638 mg/L
EC10 or NOEC for freshwater algae:
62.5 mg/L
EC10 or NOEC for marine water algae:
128 mg/L

Additional information

Three studies, one on Selenastrum capricornutum and two on Scenedesmus subspicatus were found. One was valid without restrictions (Ward and Boeri, 1991e) and two were valid with restrictions because not all details on the results were provided.


The lowest acute value for freshwater algae was found for Selenastrum capricornutum. The EbC50 was 129 mg/l after 72 hours. The lowest NOEC for freshwater algae was found for Selenastrum capricornutum and was 62.5 mg/l.


One valid test with marine algae is available (Tobiesen, 2010a) and one test (valid with restriction) performed by Hutchinson (1994b) (see table 7.6). Tobiesen performed a standard test with Skeletonema costatum according to guideline and GLP. Chemical analyses were performed on the test concentrations. He found that S. Costatum was not sensitive to sodium chlorate, with a NOEC greater than or equal to 1000 mg/l. Hutchinson performed a test with Phaeodactylum tricornutum and found a NOEC of 64 mg sodium chlorate/l for biomass and a NOEC of 128 mg sodium chlorate/l for the growth rate.


Two tests (valid with restriction) were found for marine algae performed with potassium chlorate. Stauber performed the tests with potassium chlorate and expressed the endpoints in mg chlorate/l. The endpoints were recalculated to mg potassium chlorate/l for comparison with the studies on sodium chlorate and are provided in table 7.7. The original data for the EC50was for Dunaliella tertiolecta > 1000 mg chlorate/l and for Nitzschia closterium 10 mg chlorate/l and > 500 mg chlorate/l, respectively. The NOEC values were 500 mg chlorate/l for Dunaliella tertiolecta and 100 mg chlorate/l for Nitzschia closterium.


Stauber performed the test at three different nitrate levels namely <0.005, 1 and 15 mg nitrate/l. At the lower nitrate concentrations cell growth in the controls was not according to the standard criteria and these results cannot be used therefore. Only valid results are given in the table above.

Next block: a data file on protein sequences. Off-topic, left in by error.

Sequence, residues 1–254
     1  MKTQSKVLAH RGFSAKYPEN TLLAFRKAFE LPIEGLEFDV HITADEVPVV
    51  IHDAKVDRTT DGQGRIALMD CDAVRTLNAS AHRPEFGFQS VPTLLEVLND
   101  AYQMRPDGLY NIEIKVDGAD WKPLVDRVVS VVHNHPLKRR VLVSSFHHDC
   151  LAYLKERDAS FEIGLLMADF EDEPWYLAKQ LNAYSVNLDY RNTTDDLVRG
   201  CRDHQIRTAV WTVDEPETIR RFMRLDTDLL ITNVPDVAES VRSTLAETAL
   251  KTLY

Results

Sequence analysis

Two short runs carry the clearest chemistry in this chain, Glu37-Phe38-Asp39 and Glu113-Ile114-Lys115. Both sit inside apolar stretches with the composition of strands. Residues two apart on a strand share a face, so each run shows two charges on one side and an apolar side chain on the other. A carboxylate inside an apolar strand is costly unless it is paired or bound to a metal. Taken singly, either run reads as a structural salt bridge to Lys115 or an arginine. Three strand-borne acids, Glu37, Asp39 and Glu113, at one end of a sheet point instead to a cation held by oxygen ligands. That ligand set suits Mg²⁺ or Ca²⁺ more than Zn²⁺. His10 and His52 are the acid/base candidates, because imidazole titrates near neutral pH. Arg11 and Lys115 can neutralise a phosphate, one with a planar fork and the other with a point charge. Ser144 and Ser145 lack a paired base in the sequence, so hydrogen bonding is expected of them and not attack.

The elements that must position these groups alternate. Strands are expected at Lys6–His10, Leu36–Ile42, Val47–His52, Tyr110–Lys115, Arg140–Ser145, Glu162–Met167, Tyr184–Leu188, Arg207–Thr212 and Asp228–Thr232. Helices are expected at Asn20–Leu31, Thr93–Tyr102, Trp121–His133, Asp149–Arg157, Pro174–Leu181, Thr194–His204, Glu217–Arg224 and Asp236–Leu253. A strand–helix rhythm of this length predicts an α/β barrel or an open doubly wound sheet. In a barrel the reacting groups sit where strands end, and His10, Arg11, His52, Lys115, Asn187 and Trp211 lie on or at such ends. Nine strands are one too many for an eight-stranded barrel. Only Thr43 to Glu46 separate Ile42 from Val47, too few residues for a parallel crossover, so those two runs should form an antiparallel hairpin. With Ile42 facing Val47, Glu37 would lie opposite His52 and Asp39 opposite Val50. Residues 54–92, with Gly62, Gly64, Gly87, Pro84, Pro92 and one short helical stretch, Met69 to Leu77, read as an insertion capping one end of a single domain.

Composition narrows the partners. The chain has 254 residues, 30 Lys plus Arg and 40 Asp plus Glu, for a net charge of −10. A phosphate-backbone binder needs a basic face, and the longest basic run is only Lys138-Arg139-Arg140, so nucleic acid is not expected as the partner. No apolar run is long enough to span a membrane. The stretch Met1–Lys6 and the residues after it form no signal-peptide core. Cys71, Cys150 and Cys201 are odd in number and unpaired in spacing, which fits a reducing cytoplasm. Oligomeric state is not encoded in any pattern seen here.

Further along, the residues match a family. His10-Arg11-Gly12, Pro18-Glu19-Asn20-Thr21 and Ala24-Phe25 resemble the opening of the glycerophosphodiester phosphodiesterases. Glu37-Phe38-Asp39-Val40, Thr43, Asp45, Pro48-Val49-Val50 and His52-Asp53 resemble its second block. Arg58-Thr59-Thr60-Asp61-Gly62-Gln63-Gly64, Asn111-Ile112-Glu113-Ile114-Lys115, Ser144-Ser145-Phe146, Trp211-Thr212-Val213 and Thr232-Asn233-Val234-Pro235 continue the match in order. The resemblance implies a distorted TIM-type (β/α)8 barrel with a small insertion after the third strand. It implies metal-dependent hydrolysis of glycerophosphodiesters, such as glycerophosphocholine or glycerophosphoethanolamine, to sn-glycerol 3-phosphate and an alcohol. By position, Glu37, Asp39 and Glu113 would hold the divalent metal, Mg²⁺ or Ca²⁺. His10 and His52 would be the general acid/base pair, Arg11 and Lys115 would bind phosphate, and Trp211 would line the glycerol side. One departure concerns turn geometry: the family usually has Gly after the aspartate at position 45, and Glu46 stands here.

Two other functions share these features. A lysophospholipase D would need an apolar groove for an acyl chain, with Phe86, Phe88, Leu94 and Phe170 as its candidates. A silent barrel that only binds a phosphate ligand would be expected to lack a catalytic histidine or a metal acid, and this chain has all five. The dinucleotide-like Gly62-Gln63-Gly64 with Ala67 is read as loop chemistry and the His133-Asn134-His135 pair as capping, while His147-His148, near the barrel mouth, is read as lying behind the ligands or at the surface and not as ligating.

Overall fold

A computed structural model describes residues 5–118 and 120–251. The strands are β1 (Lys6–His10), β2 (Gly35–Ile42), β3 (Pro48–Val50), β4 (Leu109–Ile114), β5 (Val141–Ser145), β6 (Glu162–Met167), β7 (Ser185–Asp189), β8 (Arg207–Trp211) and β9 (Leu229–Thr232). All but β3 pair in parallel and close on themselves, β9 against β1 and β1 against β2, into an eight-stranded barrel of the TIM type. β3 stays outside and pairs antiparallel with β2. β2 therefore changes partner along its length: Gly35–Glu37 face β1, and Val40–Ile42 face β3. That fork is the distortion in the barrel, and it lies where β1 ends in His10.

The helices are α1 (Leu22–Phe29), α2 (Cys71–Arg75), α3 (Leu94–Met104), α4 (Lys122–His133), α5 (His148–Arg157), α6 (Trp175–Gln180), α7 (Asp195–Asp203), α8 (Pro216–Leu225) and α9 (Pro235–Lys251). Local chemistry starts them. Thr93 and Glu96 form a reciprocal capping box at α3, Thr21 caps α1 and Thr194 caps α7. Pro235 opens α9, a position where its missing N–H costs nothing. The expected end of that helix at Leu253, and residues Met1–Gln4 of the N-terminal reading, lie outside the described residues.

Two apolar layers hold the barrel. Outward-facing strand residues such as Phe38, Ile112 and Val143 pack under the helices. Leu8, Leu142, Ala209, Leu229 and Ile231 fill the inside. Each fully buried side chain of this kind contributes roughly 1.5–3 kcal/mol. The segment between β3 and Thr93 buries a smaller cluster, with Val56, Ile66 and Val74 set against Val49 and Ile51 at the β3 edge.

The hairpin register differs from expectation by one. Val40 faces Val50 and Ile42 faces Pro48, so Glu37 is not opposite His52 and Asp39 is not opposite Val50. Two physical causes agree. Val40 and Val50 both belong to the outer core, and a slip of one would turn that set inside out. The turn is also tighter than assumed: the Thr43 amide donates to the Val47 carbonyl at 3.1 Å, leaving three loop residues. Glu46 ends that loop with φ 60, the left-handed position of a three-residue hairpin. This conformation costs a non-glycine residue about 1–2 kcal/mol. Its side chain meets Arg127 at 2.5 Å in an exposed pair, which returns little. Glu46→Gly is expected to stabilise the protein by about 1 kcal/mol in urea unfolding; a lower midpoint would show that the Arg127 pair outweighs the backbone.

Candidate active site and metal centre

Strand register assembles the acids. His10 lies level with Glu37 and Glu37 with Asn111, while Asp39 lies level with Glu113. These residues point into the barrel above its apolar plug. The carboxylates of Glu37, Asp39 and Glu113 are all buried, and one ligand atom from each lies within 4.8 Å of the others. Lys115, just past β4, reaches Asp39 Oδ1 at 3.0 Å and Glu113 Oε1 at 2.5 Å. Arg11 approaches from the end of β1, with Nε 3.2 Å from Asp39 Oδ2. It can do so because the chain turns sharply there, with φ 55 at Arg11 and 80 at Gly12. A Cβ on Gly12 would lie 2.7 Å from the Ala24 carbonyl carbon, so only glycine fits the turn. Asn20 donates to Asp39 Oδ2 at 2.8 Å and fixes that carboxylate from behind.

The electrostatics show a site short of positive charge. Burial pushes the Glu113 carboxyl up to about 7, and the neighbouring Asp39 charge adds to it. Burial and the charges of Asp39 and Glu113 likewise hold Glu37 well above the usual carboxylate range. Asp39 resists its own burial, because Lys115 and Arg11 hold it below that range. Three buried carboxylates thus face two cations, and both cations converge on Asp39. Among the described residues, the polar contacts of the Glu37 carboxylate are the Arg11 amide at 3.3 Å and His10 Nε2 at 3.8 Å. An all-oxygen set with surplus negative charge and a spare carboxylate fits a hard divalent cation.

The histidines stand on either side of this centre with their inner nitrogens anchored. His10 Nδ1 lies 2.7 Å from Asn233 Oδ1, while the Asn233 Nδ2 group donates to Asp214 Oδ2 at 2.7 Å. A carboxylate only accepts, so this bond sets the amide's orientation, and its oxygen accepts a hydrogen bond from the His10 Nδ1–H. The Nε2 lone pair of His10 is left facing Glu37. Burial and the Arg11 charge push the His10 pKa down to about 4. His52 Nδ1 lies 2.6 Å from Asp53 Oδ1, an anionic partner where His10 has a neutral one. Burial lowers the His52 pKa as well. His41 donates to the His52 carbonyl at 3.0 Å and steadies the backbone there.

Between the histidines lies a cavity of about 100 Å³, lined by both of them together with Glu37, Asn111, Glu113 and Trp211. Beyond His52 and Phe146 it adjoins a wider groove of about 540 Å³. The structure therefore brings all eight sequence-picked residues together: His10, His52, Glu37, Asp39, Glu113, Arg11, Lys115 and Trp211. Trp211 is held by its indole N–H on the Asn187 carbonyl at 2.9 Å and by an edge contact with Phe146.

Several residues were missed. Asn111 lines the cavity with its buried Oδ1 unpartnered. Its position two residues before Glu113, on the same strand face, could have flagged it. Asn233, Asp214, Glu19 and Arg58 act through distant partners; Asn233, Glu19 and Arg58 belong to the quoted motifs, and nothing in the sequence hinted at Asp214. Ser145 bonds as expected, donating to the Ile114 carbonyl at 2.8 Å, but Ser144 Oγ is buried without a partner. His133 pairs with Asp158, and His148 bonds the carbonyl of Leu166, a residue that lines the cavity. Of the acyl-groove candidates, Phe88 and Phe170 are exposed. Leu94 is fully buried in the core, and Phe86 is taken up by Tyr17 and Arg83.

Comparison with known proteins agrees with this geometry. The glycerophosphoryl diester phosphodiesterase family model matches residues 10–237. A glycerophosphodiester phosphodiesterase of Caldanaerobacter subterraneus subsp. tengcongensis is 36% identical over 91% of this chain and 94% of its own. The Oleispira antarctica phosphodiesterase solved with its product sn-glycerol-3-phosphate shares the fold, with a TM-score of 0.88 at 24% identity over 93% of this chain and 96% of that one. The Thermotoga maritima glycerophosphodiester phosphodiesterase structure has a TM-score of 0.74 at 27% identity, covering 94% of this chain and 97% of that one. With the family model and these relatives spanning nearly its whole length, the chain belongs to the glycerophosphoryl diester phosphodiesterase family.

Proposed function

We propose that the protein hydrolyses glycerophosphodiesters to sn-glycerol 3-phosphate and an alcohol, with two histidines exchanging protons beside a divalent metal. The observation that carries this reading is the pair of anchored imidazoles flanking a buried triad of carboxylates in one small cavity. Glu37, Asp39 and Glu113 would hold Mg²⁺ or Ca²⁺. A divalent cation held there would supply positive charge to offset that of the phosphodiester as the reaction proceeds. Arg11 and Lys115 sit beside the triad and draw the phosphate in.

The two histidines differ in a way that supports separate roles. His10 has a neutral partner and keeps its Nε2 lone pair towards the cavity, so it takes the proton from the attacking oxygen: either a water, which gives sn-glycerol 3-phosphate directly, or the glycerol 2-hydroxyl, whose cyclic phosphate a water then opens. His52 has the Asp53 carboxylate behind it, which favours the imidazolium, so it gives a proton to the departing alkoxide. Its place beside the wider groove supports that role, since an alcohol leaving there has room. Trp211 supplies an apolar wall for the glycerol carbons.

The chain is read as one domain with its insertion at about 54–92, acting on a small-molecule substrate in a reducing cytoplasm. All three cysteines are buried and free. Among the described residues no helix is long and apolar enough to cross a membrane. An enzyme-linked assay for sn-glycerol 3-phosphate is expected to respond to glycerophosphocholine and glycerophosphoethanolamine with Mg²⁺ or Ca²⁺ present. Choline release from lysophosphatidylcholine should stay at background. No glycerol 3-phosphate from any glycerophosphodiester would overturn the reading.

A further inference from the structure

Tests performed with potassium chlorate can be used in this dossier, because the toxicity of the test substance is caused by the chlorate ion. In water sodium and potassium are naturally present and the amounts added with the test substance are not considered to have an impact on the total concentration and on the test result, therefore the counter ion present is not relevant for the test result.


The lowest valid short-term value for marine algae species was found forNitzschia closterium,the EC­­50was 500 mg chlorate/l (corresponds to 638 mg/L for sodium chlorate) at 15 mg nitrate/l.


The difference in toxicity noted between marine and freshwater algae, appears to be related more to the relative difference in concentration of nitrate in freshwater and marine compartments than to different mechanisms of toxicity between species. The concentration of nitrate in the test water influences the effect concentration of chlorate (Stauber, 1998) indicating that competitive inhibition occurs between nitrate and chlorate with excess nitrate inhibiting chlorate toxicity. This is supported by the acute studies on marine species using chlorate performed by Stauber (1998) at several nitrate concentrations. Seawater has considerably lower concentrations of nitrate than freshwater systems so competitive inhibition of chlorate by nitrate will be reduced in marine environments. This is discussed in detail in the introduction of this chapter. 


When comparing studies, comparison should be made of studies performed under the same standard conditions as much as possible. Phaeodactylum tricornutum showed the same sensitivity under standard test conditions, with a NOEC for growth rate of 128 mg/l (100.4 mg ClO3-/l). Stauber found exactly the same outcome with a more standard nitrate concentration for Nitzschia closterium, with a NOEC of 100 mg ClO3-/l.